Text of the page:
At her family’s Passover seder last April, Rabbi Debra Orenstein opted for the layered look: an ordinary T-shirt topped by a purple-and-black blouse made in India – and very likely sewn in a sweatshop by slave labor.
Passover begins Friday evening; more than 90 percent of Jews around the world will mark the holiday with seders: ritual dinners of family and friends accompanied by songs, prayers, and readings that tell the Biblical story of Exodus.
Working with Free the Slaves, a Washington advocacy center, Orenstein, rabbi of Congregation B’nai Israel in Emerson, N.J., created the Passover Project, a just-released set of resources – songs, readings, stories, quotes, and activities – to boost awareness and spark action to end human trafficking and enslavement. “If Jews are ever going to talk about ending slavery, this is the season when they’ll do it – a time when people are thinking about questions of freedom,” she says. “The message of Passover is one of empathy.”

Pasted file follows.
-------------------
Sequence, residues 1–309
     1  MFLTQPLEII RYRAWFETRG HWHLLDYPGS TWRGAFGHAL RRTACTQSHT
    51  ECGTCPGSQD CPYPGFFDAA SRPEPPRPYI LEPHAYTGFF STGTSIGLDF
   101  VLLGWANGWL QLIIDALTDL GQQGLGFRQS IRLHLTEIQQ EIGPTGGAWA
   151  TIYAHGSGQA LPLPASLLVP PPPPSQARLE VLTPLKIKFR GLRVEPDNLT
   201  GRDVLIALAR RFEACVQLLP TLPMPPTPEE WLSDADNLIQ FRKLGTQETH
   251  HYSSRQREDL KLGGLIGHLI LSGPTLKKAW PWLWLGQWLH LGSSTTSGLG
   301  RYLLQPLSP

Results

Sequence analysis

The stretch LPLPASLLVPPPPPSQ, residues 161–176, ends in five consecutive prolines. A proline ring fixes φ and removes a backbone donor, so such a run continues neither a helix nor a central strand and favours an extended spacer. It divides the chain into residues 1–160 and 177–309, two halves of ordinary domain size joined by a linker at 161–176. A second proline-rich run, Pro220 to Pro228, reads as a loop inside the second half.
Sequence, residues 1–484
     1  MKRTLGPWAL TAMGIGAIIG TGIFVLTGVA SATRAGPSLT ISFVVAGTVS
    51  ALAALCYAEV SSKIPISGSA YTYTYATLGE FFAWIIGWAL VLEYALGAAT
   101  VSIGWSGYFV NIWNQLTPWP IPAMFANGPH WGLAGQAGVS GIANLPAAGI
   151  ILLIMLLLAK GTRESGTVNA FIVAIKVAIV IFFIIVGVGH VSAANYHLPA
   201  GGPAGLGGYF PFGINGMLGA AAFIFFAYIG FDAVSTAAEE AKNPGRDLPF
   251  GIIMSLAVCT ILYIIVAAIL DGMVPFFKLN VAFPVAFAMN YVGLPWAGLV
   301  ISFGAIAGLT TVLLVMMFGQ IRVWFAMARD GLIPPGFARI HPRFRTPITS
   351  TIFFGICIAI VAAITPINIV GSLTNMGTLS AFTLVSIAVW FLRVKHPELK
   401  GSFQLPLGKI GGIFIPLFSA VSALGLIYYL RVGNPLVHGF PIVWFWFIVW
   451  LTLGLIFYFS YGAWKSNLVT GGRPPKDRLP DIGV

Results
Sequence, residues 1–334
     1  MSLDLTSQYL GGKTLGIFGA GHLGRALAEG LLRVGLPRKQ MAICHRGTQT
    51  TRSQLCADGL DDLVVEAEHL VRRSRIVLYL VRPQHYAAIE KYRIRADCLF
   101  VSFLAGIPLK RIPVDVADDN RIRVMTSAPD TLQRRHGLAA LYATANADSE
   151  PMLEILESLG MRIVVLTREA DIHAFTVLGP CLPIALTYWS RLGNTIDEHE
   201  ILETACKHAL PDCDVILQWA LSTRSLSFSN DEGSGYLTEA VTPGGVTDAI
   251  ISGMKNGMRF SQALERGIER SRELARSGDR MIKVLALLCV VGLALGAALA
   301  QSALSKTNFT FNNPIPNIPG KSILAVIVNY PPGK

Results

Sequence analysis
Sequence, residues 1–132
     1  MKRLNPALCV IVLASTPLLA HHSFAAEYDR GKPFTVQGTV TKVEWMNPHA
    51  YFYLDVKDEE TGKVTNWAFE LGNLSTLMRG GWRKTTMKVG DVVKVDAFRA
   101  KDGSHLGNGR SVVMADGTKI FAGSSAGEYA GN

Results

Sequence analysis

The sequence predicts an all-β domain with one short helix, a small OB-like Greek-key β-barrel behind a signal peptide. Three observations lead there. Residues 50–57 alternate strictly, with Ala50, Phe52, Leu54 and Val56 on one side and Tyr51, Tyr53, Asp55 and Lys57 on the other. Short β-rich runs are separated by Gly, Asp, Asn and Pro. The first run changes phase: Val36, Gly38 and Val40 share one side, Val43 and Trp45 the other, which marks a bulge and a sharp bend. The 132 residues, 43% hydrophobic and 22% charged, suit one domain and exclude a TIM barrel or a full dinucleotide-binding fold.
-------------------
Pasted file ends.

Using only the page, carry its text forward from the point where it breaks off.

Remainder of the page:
According to Free the Slaves, which was launched in 2000 to liberate slaves and alter the conditions that allow slavery to persist, between 21 million and 36 million enslaved people toil across the world today. They peel shrimp in Thailand, harvest cacao in West Africa, perform sex work under coercion and threat. Twenty-six percent of them are children.